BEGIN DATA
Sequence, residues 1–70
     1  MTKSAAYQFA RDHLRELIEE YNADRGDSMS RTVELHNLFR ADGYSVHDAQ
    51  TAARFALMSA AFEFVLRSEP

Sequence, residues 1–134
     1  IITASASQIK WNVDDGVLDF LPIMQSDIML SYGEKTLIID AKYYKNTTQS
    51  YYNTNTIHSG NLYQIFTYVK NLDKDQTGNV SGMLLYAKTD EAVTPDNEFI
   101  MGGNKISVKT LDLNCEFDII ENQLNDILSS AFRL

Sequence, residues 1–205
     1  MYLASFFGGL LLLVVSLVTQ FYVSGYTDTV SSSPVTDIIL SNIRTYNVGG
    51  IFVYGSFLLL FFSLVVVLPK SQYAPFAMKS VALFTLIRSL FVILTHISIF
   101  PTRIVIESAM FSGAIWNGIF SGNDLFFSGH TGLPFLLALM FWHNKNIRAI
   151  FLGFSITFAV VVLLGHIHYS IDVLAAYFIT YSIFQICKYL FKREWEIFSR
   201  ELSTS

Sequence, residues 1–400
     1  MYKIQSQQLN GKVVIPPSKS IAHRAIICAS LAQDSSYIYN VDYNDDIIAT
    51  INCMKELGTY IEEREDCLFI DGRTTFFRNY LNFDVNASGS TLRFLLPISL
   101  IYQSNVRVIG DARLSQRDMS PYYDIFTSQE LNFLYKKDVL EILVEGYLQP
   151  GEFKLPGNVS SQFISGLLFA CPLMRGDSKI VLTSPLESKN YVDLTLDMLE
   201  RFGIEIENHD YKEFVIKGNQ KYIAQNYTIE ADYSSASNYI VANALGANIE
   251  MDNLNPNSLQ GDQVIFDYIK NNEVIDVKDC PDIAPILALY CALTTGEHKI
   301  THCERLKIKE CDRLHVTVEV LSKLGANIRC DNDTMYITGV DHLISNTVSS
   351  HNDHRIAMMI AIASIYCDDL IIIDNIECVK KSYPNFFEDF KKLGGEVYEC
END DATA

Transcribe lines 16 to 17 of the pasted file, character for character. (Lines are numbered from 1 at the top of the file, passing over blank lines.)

    51  INCMKELGTY IEEREDCLFI DGRTTFFRNY LNFDVNASGS TLRFLLPISL
   101  IYQSNVRVIG DARLSQRDMS PYYDIFTSQE LNFLYKKDVL EILVEGYLQP